The black slaves who were arriving in Jamestown, Va. In 1619. Manhattan Island in 1635 and Massachusetts in 1638 have used the Afro- European varieties for communication among themselves. In 1692, justice Hathorne recorded Tituba, an African slave from the island of Barbados in the British West Indies, speaking in the pidgin of the slaves. Tituba was quoted as saying “He tell me he God,” The words of the phrase are English, but the structure and grammar of the phrase are congruous with that pf the West African languages that Smitherman identifies. (32, 8)

During the early years of American settlement, a highly distinctive form of English was emerging in the island of the West Indies and the Southern part of the mainland, spoken by the incoming black population. The emergence of slave trade was a consequence of the important of African slaves to work on the sugar plantations, a practice started by the Spanish in 1517.

First the industrial revolution then the Civil War disrupted slavery and promoted African-American migration within the U.S., s a result of which slave dialects were transplanted from Southern plantation to the factories of the North and Midwest. Slave labor in the south gave birth to diverse linguistic norms; former indentured servants from all parts of the British Isles, who often became overseers on plantations, variously influenced the foundation of Black English. There was a widespread exodus to the industrial cities of the northern states, and black culture became known throughout the country for its music and dance. (15, 36). Black English was born of slavery between the late XVI c.- early XVII c. and middle XIX c. and followed black migration from the southern states to racially isolated ghettos throughout the United States.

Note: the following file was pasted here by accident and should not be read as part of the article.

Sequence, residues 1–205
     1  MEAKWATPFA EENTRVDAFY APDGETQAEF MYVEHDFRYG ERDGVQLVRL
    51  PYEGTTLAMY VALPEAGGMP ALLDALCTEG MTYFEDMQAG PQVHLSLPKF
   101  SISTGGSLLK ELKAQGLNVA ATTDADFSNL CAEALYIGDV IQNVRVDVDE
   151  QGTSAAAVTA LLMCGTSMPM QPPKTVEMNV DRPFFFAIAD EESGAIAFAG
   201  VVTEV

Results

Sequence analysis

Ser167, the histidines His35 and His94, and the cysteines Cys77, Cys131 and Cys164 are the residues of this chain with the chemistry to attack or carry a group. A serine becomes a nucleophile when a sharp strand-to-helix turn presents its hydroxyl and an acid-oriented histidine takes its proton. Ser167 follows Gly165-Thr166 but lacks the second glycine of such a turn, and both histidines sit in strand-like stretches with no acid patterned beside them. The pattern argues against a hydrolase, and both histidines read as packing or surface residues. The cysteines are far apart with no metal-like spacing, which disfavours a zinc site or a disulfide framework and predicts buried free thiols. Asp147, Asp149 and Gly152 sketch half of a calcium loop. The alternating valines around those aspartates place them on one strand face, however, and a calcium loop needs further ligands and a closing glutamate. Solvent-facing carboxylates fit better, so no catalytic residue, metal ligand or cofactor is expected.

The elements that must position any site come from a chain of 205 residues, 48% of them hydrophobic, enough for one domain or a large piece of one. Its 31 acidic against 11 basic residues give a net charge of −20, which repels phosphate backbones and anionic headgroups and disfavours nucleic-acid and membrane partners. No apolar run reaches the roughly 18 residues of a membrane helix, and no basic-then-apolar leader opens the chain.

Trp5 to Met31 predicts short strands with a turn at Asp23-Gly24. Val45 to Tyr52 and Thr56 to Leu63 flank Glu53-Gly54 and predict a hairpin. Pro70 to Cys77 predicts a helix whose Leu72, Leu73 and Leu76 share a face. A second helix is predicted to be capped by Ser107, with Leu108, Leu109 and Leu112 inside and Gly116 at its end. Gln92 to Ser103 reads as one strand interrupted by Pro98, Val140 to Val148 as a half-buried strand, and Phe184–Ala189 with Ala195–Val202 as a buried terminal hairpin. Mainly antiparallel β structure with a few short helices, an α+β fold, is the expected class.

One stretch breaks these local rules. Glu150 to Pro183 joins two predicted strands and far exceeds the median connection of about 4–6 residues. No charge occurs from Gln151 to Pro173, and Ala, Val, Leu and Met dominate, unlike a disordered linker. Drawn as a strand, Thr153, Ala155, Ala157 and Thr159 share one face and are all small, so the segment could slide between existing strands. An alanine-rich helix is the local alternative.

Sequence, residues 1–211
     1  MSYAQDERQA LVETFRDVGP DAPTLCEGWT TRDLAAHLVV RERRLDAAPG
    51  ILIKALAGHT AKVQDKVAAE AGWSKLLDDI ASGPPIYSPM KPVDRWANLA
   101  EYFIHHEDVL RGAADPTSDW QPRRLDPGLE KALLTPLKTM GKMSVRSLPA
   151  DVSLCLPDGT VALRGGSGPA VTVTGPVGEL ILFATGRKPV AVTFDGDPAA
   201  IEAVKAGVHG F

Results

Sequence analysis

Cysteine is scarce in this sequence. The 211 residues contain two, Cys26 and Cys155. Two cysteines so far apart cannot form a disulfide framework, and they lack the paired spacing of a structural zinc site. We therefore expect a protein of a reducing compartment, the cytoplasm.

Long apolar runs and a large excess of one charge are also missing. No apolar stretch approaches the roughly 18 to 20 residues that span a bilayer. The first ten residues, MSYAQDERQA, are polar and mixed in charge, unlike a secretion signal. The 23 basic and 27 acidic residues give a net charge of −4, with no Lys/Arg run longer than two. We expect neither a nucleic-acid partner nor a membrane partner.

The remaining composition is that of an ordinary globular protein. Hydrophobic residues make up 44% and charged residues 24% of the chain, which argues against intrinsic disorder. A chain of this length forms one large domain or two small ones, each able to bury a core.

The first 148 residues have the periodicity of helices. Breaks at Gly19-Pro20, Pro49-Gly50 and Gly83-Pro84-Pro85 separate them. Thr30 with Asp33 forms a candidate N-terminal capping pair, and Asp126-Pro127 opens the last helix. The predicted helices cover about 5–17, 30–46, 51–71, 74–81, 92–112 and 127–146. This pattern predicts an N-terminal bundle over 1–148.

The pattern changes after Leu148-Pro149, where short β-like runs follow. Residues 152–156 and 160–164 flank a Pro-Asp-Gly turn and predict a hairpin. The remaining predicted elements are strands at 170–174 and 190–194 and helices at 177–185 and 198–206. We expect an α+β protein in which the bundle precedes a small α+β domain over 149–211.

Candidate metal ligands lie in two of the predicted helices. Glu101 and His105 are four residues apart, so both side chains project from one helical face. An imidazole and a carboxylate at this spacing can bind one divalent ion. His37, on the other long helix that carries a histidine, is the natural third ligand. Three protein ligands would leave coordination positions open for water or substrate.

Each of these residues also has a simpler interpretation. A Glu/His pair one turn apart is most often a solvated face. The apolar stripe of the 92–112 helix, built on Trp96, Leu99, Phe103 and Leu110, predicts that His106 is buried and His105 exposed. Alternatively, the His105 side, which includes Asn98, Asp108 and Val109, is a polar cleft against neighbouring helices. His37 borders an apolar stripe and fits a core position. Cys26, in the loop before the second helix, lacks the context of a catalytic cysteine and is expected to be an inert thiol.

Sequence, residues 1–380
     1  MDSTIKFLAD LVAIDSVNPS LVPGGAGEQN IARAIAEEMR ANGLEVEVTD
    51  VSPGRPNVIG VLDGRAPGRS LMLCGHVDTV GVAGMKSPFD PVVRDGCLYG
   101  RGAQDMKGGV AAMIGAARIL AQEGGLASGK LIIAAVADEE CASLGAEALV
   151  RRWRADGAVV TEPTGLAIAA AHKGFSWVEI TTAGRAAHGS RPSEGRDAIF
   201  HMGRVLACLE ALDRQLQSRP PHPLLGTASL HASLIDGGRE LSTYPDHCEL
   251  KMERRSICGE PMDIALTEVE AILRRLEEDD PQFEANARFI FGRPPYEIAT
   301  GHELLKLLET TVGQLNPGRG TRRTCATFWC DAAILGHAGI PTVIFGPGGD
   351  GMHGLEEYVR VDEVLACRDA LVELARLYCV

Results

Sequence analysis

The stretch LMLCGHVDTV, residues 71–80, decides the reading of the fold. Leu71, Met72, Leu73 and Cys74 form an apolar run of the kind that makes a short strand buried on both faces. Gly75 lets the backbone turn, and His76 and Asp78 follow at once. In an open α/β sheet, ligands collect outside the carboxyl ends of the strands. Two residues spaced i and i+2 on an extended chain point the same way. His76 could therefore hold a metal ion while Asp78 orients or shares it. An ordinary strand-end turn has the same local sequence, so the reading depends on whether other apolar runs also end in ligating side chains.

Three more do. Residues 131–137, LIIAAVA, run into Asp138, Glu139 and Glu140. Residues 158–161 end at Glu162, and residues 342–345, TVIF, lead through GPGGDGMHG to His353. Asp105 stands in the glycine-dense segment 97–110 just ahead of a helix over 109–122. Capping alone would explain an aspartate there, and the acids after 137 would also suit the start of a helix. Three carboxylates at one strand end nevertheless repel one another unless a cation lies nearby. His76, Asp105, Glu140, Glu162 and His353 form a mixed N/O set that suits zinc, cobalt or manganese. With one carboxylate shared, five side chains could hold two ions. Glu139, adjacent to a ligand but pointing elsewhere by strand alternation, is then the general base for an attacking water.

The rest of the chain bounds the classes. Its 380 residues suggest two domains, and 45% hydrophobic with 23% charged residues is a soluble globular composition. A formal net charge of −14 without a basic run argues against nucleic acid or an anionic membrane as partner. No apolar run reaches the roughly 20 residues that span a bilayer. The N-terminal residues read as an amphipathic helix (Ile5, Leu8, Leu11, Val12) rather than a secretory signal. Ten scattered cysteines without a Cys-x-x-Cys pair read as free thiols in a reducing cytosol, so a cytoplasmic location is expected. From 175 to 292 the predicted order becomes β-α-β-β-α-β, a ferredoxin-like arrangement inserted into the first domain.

Slave labor in the south gave birth to diverse linguistic norms; former indentured servants from all parts of the British Isles, who often became overseers on plantations, variously influenced the foundation of B.E.V. first the industrial revolution the Civil War disrupted slavery and promoted African American migration within the United States, as a result of which slave dialects were transplanted from Southern plantation to the factories of the North and Midwest. An artifact not of race but of a speech community, Black English originated as a pidgin (a simplified language used in a commercial context to facilitate communication among speakers of different languages) that the slaves coming from a variety of language backgrounds used to communicate among themselves.

In the XVIII century, more records of the speech of slaves and the representations of their speech were produced. In fact, J.L. Dillard claims that “By 1715 there clearly was an African Pidgin English known on a worldwide scale. In 1744, an ad in The New York Evening Post read: “Ran away … a new African Fellow named Prince, he can’t scarce speak a Word of English.” In 1760, an ad in the North Carolina Gazette read: “Ran away from the Subscriber, African Born, speaks bad English. In 1734, the Philadelphia American Weekly Mercury read: “Ran away …; he’s Pennsylvanian born and speaks good English.” (33, 16)